At 11:18 p.m. 27/02/2017, Dylan Hall wrote:
Disclaimer: I worked for CityLink a while back so feel
consider the following biased or well informed as you see fit :)
I think one aspect of this discussion that is often overlooked is
who participates in the peering exchanges. It's not just a handful
of large ISP's and content providers.
Take a look at:
We have a huge range of participants: universities, schools,
government, data centres, finance, researchers, broadcasters, etc.
Very few of these organisations operate networks as their core business.
If it's so important to convince them all to opt-in to the change
what are we doing to explain why they should make that change?
Pointing at an RFC and yelling loudly hardly seems likely to be
accepted as a convincing argument outside of the networking community.
Similar Disclaimer: I worked for CityLink a while back so feel free
to consider the following biased or well informed as you see fit :)
The original name WIX was "Wellington Information Exchange" back in
1996 to 1998. In 1997 (roughly) there was trial work done with Fore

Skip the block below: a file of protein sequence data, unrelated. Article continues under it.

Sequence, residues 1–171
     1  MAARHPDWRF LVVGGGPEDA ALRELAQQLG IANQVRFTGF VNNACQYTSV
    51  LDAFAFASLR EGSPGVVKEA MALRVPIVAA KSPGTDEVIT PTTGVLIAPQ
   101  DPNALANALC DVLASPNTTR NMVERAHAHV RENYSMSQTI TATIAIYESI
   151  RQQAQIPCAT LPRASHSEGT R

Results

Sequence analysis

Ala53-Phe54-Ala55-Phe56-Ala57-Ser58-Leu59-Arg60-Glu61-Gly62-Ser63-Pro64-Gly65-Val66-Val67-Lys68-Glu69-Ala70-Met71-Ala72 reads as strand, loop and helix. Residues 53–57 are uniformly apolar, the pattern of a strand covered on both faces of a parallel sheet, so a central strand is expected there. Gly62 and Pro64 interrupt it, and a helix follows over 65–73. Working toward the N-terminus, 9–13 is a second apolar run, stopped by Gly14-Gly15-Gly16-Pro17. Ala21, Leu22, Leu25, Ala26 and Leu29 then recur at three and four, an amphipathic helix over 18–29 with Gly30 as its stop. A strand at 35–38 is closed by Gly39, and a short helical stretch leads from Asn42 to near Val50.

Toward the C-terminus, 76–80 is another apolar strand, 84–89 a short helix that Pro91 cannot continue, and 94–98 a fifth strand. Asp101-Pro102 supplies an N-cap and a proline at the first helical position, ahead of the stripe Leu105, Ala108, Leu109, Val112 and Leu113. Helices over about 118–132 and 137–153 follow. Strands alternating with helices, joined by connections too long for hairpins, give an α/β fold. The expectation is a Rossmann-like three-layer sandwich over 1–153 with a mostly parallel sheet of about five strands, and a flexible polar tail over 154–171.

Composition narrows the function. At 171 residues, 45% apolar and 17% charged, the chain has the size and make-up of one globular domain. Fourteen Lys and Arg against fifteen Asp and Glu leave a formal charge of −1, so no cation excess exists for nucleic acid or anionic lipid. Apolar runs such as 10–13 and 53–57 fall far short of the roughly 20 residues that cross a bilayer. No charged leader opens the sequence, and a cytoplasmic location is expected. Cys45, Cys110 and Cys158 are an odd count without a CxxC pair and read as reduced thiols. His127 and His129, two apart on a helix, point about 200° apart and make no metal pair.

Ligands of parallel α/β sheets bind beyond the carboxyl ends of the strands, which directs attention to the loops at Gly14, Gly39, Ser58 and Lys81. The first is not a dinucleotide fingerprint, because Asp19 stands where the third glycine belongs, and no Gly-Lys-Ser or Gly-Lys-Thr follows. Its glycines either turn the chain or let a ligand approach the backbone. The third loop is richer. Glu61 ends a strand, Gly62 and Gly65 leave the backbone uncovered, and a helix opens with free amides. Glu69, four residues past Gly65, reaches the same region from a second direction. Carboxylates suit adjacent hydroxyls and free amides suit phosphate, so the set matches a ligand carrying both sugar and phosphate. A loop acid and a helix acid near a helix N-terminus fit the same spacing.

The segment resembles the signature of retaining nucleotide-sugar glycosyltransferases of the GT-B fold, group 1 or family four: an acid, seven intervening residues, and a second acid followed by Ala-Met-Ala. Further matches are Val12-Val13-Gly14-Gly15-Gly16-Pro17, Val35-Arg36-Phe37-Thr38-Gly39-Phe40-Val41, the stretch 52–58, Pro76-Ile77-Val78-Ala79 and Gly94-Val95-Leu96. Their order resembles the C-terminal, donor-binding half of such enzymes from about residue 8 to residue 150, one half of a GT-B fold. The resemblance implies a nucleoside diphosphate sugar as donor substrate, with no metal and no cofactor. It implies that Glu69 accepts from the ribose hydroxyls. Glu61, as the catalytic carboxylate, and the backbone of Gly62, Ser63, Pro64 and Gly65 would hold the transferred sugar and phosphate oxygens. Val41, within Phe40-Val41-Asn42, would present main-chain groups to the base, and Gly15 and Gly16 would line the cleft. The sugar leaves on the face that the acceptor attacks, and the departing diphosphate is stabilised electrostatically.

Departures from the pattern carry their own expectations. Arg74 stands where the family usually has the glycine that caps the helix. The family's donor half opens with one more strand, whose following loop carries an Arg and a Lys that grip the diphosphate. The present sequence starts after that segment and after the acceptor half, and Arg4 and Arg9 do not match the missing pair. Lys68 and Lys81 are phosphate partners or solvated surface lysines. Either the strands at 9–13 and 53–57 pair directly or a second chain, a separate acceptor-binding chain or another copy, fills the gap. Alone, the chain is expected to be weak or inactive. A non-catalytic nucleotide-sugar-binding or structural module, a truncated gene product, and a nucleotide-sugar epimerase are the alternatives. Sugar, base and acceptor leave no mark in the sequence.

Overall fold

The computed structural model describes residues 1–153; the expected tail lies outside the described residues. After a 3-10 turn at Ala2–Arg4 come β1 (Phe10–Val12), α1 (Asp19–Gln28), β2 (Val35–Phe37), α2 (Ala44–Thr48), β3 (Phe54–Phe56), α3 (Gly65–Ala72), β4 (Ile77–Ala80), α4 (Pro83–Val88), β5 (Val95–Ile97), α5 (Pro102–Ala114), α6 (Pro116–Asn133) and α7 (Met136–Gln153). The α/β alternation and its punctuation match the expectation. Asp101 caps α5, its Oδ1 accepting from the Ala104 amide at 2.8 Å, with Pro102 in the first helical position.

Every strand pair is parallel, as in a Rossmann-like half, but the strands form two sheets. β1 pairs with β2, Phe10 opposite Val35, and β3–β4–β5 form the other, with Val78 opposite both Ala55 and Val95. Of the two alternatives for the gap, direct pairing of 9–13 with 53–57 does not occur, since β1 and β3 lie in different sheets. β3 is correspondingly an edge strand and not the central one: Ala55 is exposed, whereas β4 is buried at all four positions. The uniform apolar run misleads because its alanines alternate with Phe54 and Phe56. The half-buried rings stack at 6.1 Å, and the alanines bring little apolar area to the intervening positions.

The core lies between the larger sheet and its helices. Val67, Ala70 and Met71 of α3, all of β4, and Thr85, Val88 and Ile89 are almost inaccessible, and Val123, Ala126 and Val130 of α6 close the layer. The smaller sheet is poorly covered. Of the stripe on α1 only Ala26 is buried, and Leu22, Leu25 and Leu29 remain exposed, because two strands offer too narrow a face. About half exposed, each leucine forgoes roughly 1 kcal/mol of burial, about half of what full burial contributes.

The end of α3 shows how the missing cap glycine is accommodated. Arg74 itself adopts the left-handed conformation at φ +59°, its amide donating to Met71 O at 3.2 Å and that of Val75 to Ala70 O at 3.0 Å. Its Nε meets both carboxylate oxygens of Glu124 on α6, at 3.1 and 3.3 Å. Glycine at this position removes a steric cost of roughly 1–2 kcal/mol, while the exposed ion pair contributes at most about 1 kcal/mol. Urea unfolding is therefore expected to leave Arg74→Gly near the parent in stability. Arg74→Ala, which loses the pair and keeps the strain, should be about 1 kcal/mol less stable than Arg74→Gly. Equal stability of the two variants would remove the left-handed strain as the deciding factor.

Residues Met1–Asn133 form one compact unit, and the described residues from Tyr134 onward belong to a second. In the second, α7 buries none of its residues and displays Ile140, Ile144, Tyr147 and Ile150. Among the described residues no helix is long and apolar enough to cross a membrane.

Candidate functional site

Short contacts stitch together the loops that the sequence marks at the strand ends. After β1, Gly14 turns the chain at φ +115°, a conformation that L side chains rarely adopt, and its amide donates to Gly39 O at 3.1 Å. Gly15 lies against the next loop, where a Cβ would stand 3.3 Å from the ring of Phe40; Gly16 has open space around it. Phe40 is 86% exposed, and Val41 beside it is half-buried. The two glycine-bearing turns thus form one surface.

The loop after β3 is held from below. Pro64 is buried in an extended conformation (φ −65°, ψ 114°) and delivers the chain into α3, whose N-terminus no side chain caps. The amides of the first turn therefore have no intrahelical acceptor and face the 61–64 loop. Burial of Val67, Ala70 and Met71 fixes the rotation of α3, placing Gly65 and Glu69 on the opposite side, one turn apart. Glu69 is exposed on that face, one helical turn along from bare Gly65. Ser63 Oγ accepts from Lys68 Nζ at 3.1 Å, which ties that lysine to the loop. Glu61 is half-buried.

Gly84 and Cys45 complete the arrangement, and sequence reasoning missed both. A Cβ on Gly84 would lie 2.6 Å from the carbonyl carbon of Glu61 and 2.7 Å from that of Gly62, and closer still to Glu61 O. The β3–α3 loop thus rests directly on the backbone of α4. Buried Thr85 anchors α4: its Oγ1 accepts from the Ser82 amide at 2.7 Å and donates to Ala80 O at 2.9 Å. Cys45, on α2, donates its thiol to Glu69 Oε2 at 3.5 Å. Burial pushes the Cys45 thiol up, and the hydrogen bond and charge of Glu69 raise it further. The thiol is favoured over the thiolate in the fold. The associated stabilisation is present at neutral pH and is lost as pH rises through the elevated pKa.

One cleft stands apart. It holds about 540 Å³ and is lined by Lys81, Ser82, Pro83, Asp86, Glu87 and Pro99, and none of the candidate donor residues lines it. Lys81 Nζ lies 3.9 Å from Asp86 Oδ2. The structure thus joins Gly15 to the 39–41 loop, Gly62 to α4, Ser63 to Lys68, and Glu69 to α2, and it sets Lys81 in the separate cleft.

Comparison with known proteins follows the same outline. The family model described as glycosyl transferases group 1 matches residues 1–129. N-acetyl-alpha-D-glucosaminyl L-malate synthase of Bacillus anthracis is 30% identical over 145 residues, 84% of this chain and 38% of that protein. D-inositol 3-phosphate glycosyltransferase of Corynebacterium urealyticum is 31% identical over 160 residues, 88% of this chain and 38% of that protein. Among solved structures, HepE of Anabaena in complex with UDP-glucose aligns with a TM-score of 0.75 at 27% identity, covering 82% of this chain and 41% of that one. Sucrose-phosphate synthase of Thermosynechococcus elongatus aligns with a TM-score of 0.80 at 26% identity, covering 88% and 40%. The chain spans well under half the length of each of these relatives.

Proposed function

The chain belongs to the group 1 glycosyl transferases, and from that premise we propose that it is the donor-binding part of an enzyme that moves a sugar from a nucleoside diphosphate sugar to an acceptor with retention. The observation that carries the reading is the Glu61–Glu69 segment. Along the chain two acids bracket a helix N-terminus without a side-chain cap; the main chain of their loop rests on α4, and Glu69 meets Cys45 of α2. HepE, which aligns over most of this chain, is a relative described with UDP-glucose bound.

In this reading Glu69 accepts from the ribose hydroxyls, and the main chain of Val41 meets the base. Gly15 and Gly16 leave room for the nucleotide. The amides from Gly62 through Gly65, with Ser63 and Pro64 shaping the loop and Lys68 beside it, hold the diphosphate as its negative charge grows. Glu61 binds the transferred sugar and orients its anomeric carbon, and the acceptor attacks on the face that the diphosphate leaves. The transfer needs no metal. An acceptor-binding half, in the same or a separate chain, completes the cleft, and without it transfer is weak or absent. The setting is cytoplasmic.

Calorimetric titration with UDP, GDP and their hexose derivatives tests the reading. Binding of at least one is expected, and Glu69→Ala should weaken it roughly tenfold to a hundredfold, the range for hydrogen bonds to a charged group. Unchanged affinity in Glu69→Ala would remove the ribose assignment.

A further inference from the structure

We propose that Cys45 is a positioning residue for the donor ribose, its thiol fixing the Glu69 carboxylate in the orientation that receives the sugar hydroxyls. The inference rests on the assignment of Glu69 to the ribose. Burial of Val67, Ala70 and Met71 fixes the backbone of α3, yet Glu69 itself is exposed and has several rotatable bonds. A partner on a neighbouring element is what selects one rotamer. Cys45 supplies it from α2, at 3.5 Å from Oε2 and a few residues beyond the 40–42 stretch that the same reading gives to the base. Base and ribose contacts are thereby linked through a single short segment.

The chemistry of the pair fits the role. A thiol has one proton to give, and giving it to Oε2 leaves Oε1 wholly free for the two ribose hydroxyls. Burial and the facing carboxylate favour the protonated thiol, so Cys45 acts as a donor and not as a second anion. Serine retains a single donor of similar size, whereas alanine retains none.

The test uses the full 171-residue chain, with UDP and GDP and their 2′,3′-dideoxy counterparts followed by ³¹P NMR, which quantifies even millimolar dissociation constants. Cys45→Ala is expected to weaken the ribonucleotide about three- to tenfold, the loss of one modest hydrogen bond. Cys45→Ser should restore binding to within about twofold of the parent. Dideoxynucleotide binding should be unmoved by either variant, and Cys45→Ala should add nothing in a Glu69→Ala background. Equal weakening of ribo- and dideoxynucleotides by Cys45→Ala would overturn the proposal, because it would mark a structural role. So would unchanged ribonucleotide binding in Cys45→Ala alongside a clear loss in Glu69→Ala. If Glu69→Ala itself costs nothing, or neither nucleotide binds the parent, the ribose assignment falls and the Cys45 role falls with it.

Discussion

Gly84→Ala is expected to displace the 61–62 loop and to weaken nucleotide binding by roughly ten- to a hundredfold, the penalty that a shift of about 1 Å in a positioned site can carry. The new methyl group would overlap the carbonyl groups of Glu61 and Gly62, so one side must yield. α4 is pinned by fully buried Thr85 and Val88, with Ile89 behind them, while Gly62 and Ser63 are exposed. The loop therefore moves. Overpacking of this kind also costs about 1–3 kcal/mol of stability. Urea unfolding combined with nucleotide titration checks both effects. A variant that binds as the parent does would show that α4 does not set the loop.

ATM switches because there was significant interest in " video"
peering and "E1-peering", between Govt agencies. Of course
VoIP-peering does a better job but has made less progress.
WIX may lack the traffic volumes and number of carriers/ISPs but WIX
is a more interesting exchange in terms of economic development in a
community. Of course it does by-pass "service providers" in doing a
lot of that.
Some of the applications that (in theory) run include page ads for
newspapers where the bank can update the interest rate in the ad for
each edition of a newspaper. The ads used to cross town via cycle
courier. WIX enabled that to be via FTP, without traffic charges. (
So many of the WIX peers were on private AS numbers and often had
someone else manage a simple peering router.
This B2B peering is why there was a focus on having as many regional
IXs as possible.